Tust: How has COVID-19 impacted you and the development of a lot of minor leaguers right now?
Cluff: Mentally it's been the hardest thing. Because when you're in the minor leagues, you got a clock on your game and you've got to keep working through the system, or one day they're going to say, 'alright, you didn't make it fast enough, you're cut.' So from a mental aspect, you just think, 'dang, that's a year from my development, that's a year gone from my plan.' You've got to kind of avoid thinking like that. You've got to remember that everyone's kind of in the same boat. From a training aspect, it's been tough. I've been pretty fortunate to have a field I can go on by myself. [Also] I and my dad built a batting cage.
Tust: Was that batting cage a surprise?
Cluff: Yeah, I wasn't expecting that. Growing up in Idaho, we always had a batting cage in our backyard but my mom always complained because it took up her whole backyard. So when we moved down to Utah she finally got her backyard back. We have some property out behind it, it's just a field, and so my dad's had this plan for a couple of years, and during the COVID we finally bore down and got it done. He's been working hard and he works just as hard as I do to help me do whatever I need to do to continue to develop my game.
Tust: There's obviously a question mark moving forward about if you guys are going to play or not. Just about every organization had a big decision to make: 'are they can going to continue to pay their minor leaguers?' Earlier this month, the Nationals committed to paying at least a portion of your salaries. It was at that point that Sean Doolittle, who is on the big league roster, came out and said they were going to do what they can to support you minor leaguers. What did that gesture mean to you?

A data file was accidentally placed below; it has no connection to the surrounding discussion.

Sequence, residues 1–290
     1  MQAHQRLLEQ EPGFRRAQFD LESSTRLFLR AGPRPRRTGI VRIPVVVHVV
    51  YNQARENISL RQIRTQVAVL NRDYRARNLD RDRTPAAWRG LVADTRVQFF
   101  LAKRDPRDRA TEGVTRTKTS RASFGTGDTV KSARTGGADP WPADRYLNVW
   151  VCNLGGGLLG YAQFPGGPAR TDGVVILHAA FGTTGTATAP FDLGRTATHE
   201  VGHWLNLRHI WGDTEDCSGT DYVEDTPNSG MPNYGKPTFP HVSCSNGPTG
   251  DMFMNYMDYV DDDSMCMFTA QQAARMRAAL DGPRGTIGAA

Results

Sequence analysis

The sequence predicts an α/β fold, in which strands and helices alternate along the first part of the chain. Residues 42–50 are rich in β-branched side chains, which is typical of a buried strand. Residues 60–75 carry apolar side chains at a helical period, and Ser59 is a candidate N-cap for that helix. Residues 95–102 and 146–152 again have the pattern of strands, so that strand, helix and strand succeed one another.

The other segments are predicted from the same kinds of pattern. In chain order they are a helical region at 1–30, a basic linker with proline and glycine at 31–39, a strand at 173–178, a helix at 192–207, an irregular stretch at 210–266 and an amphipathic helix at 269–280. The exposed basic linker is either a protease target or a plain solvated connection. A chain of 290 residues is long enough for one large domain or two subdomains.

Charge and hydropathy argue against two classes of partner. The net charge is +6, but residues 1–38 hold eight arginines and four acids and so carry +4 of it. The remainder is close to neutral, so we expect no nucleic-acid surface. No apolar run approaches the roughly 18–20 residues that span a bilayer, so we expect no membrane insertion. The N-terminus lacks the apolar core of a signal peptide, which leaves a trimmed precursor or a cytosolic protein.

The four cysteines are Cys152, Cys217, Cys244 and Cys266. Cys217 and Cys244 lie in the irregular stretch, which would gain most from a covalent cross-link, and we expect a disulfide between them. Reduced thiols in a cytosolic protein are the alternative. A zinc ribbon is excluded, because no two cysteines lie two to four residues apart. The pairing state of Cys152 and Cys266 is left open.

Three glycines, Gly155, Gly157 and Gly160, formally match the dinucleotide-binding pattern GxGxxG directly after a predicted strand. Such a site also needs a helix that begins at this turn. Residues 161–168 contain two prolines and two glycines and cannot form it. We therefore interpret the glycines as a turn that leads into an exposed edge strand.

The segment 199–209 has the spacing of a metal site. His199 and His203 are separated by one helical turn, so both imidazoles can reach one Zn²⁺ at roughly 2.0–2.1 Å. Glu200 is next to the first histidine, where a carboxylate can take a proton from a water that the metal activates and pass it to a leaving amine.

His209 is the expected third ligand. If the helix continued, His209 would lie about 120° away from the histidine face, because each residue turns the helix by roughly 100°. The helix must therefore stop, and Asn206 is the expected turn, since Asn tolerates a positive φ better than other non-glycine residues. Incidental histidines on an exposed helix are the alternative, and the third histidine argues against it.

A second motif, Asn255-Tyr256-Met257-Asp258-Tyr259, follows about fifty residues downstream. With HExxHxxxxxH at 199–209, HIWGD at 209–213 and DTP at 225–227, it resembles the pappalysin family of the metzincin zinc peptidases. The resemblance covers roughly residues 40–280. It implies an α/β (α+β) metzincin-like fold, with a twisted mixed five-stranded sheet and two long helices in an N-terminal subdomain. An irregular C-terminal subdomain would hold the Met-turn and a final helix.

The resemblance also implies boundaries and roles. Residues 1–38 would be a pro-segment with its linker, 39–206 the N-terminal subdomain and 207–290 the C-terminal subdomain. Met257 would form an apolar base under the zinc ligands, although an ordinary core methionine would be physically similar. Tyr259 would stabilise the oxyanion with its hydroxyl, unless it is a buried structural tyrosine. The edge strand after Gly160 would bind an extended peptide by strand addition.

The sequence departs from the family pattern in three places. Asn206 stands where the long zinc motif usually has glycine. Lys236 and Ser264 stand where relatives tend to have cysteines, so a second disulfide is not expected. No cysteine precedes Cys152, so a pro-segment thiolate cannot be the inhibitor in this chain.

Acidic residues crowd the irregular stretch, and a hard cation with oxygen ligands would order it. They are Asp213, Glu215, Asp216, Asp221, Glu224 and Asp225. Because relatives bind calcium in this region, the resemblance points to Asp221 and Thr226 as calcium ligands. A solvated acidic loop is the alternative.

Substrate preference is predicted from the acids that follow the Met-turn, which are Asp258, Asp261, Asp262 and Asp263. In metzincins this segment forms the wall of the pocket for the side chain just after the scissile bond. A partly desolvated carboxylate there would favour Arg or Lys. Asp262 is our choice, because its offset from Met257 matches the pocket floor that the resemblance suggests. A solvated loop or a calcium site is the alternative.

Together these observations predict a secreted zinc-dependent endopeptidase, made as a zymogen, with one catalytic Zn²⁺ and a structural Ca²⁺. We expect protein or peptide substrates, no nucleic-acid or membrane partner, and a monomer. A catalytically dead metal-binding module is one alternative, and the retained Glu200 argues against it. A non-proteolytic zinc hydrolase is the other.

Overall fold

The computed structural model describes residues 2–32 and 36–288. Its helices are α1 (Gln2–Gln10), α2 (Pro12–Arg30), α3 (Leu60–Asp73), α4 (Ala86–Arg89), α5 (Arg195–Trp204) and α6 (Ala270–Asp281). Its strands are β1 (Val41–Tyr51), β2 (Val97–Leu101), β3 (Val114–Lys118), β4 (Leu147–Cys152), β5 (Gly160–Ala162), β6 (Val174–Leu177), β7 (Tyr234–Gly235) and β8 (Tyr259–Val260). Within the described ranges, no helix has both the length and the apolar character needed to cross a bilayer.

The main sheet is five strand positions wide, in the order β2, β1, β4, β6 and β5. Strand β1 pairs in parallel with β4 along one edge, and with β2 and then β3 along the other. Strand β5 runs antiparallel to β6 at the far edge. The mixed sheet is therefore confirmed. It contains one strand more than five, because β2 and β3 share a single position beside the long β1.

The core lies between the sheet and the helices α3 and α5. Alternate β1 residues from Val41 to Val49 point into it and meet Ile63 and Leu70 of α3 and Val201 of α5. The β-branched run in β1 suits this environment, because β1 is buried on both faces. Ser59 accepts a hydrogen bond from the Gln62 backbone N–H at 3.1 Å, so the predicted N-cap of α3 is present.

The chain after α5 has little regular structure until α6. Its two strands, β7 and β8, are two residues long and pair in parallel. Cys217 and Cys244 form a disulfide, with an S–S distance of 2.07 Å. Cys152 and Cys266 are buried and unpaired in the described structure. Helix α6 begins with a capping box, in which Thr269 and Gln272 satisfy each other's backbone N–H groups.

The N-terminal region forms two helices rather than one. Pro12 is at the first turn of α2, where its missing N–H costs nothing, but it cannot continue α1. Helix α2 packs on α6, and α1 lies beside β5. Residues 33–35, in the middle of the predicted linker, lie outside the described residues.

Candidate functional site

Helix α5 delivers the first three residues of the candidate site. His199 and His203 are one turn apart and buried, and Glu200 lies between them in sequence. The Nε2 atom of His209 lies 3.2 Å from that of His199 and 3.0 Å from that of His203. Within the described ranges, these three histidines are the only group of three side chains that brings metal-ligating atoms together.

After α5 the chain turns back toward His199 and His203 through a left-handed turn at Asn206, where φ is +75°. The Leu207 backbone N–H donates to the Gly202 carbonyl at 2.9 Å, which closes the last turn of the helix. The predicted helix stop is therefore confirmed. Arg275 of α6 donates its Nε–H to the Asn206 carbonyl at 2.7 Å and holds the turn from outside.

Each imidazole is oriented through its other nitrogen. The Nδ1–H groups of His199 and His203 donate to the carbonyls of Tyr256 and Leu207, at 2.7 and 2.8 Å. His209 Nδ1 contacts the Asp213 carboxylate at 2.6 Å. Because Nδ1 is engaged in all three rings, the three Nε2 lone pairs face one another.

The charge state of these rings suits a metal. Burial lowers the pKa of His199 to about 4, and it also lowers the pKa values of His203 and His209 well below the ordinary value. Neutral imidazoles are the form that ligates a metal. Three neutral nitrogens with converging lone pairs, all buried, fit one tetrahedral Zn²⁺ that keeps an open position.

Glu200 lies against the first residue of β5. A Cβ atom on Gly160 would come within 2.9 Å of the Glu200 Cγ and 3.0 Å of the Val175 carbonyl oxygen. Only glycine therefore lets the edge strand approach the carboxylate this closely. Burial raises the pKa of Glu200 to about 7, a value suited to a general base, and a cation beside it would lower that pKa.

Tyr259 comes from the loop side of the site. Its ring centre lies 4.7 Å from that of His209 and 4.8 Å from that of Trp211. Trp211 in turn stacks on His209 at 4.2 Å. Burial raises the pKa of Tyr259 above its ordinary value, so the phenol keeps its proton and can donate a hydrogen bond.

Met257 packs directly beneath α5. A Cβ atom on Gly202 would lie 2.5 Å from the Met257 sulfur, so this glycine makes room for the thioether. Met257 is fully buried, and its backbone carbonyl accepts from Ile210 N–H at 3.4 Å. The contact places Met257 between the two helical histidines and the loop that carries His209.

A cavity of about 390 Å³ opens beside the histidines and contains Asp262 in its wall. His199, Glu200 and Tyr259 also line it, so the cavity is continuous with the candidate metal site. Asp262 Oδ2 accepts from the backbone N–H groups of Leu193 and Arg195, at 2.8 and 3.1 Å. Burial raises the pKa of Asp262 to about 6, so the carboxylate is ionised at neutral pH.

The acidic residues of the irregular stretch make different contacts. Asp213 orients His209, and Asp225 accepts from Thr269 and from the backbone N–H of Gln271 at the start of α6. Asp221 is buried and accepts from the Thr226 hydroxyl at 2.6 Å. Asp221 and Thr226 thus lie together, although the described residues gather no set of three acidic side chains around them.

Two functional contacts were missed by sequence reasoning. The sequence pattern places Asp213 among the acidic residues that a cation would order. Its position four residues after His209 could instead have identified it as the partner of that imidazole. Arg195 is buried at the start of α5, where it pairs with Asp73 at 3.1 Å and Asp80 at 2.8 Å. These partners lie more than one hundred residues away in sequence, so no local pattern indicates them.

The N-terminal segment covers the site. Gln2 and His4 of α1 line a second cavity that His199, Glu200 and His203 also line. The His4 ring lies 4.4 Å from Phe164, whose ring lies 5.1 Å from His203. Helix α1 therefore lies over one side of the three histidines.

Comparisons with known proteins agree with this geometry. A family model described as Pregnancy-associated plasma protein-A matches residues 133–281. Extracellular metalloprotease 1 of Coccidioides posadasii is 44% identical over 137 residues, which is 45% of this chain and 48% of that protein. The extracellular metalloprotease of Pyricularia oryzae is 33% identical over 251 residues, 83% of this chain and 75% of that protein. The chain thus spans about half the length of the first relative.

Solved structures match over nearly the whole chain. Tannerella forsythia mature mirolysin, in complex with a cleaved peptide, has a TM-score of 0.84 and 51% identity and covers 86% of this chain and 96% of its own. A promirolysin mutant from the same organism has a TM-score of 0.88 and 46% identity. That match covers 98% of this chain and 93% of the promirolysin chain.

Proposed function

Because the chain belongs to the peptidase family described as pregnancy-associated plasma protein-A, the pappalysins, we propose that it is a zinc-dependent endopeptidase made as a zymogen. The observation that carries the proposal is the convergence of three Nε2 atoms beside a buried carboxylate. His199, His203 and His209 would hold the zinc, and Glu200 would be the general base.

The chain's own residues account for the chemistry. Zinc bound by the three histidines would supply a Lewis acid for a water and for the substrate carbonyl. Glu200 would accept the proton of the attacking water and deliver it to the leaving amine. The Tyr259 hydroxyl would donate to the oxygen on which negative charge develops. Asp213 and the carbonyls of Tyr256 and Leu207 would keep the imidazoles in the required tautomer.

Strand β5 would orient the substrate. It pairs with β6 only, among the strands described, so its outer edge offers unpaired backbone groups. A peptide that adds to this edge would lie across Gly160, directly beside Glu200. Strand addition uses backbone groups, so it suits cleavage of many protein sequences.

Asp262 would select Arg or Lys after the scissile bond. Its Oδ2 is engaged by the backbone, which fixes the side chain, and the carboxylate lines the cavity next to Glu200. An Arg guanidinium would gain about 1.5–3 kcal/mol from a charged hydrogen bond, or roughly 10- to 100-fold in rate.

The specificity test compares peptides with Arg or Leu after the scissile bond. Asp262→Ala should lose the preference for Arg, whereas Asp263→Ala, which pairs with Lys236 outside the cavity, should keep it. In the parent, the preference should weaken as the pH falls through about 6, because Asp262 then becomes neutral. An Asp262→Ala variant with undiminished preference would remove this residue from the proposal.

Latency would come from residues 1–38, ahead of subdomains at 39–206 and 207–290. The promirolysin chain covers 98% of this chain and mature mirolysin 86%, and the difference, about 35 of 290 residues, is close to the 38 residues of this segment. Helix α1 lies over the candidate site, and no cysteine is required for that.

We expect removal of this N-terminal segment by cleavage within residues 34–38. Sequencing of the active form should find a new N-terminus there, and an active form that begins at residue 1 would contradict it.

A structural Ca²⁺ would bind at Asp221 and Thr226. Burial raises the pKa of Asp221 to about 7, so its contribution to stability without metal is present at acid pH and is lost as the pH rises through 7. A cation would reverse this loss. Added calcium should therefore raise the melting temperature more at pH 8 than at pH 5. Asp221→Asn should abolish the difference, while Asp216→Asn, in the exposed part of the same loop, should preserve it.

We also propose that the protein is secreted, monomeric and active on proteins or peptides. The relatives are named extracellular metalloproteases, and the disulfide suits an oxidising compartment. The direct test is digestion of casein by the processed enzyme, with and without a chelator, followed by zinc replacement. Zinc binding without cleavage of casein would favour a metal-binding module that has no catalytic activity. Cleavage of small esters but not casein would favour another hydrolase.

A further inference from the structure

Cluff: I think that notion by Sean Doolittle right there, that just speaks volumes as to where their mindset is at. That shows that they remember where they once were. They remember the minor leaguers, where we're at, and that they were once here. So it's pretty cool that they were committed to doing that. It's a pretty big gesture for them to be like, 'alright, we're going to take care of you guys.' It makes you feel like you're part of something bigger.
Tust: So what is next for you, Jackson? I mean, when do you get back to playing baseball? Do you have any idea at this point?
Cluff: Right now I'm not sure. We've heard the best-case scenario is that minor leaguers might be invited back August 1. But the whole minor league plan is just contingent upon what the big leaguers decide to do. Obviously they're the priority and they're the ones that are going to need the facilities. Until they make a decision on what's going to be safe for them, I think they're going to hold off on making a decision to bring us back. We've heard that hopefully in the fall that we're going to come back for a couple of months. It's not going to look like a season. It might just be scrimmaging the similar level guys around you, but who knows, hopefully in a couple of months, we'll be back.